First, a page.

Final Commentary

Wrap-up Project

By: Nicole Kist


Dear Resident of Phoenix:

I have lived in Phoenix my entire life and never really been down to South Phoenix. I may have driven through it a few times but never stopped to really check it out and learn for myself what was really going on down there. I felt intimidated by the area, how it appeared so different from what I was used to and because of the "stories" I had heard about the dangerous neighborhoods in South Phoenix. I had been hearing about South Phoenix on the news since I was a kid but I all I ever heard was how it had high crime, gangs, drugs, poor neighborhoods, and other characteristics of supposed "bad neighborhoods". I think that is the general stereotypical picture that people get when they think of South Phoenix if they don't really know about it. Well this class allowed me to see the much larger, more truthful picture that South Phoenix is.

I saw and learned many new characteristics of South Phoenix during our six weeks of field research for our anthropology class. The professor gave us several reading on ghetto neighborhoods, gentrification, disinvestment, etc. that we could compare to and base our perceptions of South Phoenix on. I saw similarities between the neighborhoods in the articles and the neighborhoods in South Phoenix. There were fences around many of the buildings, high security precautions in most of the businesses, bricked in windows, abandoned buildings and lots, and very few, if any, major grocery or restaurant chains. Their were low riders, gang members, homeless people, and other sights generally associated with South Phoenix or similar neighborhoods. At first glance everything I had read or heard about these "ghetto" neighborhoods appeared to be somewhat true, but that was at first glance. When I took a closer look I realized, as I think many of my classmates did also, there was so much more that all those people had over looked.

 What I think so many people have forgot to mention in their writings and stories are the very things I saw in South Phoenix, they just weren't looking. South Phoenix is rich in culture, diversity, and history. South Phoenix is an old city and has seen much change. Many of the families that live there have been there for decades. There is a large population of Mexican-Americans and other ethnic groups in this area because their families immigrated here. The large collaboration of different ethnicities and cultures makes South Phoenix very unique. There are many family owned and operated businesses in South Phoenix that shows the cultures of all the different families in the area and the pride they have in their city.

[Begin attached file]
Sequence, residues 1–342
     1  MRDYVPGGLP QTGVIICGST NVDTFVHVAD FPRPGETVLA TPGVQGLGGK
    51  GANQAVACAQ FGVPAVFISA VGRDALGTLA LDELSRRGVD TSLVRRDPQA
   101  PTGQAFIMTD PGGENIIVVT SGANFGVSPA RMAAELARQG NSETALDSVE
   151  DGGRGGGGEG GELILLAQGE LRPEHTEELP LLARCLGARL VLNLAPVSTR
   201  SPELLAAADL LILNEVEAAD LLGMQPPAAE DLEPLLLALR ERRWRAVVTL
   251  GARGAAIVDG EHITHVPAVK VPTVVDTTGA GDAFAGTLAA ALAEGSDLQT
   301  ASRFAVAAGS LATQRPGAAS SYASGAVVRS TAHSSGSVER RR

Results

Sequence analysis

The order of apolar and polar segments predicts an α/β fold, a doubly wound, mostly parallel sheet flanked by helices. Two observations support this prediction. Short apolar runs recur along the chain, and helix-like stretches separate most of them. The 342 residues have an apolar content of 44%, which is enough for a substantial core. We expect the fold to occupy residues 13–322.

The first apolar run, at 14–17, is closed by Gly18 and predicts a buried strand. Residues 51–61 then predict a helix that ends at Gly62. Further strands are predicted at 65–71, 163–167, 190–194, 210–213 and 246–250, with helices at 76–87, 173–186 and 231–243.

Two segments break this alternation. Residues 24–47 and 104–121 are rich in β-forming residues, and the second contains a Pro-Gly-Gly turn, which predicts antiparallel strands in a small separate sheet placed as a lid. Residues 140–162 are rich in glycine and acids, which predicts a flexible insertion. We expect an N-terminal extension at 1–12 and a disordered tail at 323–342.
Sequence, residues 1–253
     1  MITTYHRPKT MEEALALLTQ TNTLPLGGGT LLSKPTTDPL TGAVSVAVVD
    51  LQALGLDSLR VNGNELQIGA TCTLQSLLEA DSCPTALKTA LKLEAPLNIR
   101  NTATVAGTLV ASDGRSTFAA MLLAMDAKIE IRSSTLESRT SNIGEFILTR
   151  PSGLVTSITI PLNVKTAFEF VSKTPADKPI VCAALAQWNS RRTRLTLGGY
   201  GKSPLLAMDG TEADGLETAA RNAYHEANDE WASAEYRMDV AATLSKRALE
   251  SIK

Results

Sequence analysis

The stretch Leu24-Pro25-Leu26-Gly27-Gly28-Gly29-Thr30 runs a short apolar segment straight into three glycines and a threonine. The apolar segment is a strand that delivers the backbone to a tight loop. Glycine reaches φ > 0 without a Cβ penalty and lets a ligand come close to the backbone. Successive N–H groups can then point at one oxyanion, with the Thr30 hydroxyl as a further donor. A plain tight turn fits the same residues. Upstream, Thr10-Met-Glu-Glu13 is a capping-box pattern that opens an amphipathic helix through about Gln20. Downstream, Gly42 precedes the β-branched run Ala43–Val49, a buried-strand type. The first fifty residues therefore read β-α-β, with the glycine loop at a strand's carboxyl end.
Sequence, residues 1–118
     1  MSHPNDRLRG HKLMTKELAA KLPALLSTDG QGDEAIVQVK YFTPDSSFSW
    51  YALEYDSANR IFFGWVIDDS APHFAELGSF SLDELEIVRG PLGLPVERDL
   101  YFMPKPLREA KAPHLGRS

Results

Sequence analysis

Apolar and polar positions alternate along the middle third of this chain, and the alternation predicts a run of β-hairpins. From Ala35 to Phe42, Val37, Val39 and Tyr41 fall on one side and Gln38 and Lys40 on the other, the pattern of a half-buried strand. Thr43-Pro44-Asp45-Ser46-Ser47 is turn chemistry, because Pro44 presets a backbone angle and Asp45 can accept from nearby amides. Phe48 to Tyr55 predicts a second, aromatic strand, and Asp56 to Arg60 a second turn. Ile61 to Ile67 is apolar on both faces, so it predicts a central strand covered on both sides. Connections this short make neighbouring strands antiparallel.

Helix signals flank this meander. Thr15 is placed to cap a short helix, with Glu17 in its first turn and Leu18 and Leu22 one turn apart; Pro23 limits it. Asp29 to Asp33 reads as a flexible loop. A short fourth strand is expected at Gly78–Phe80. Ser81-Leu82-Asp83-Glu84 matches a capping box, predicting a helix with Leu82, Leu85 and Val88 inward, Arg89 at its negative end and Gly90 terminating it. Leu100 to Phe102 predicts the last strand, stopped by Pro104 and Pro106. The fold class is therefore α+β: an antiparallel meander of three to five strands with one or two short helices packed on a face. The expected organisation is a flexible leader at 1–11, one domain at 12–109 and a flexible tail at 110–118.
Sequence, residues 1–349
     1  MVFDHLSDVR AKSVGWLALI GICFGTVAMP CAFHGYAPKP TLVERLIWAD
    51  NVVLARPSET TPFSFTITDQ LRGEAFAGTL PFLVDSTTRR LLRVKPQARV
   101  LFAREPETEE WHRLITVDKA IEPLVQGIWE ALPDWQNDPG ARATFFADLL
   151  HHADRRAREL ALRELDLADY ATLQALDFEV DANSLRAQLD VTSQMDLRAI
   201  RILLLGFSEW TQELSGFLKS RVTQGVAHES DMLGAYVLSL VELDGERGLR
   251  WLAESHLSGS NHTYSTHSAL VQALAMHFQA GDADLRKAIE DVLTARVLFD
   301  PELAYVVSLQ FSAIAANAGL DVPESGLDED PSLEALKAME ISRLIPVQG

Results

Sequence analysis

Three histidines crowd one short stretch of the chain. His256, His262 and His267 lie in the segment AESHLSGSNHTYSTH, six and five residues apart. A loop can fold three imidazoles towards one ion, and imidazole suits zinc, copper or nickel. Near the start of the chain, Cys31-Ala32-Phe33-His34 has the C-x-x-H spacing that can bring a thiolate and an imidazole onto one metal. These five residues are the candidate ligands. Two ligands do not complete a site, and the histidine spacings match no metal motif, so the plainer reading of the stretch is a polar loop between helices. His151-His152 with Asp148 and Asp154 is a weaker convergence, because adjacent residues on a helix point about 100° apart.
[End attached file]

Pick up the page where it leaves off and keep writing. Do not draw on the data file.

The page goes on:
Since South Phoenix is an old city, along with that comes older homes, deteriorating buildings, then of course cheaper housing, lower-income families, etc. This is not an uncommon event it happens in neighborhoods all over the country, and with a little help from the government and the citizens it can be turned around. Right now in South Phoenix there is a lot of gentrification, and disinvestment going on. As the city's economy has declined and the neighborhoods have gotten older and more run down the property values go down.  There reaches a point in some cities were regardless of the efforts of many of the citizens gentrification occurs. Rents often sky-rocket so the current residents are forced to leave and then big corporations can buy the abandoned property and build nice new homes, or building and turn around and sell them for a small fortune. This may make the area appear nicer but all it really does it kick middle or lower income families out and move upper class families in. This is not a solution.

Although gentrification, criminal activities, drugs, gangs, and other negative events have been increasing in South Phoenix over the past several years I noticed the people of South Phoenix were coming together and acting as a family to preserve their neighborhood and educate their children about crime, drugs, sex, etc. There were several murals on buildings all over town that were delivering powerful messages about pride, abstinence, drugs, and more to the residents of South Phoenix, especially the youth. There were neighborhood watch communities everywhere and more and more people seemed to be looking out for one another. These sort of actions are what neighborhoods need to survive. There are some events that can not be stopped from happening but when they do happen there are solutions that can help to solve the problems and with the help of neighbors and other residents anything is possible!

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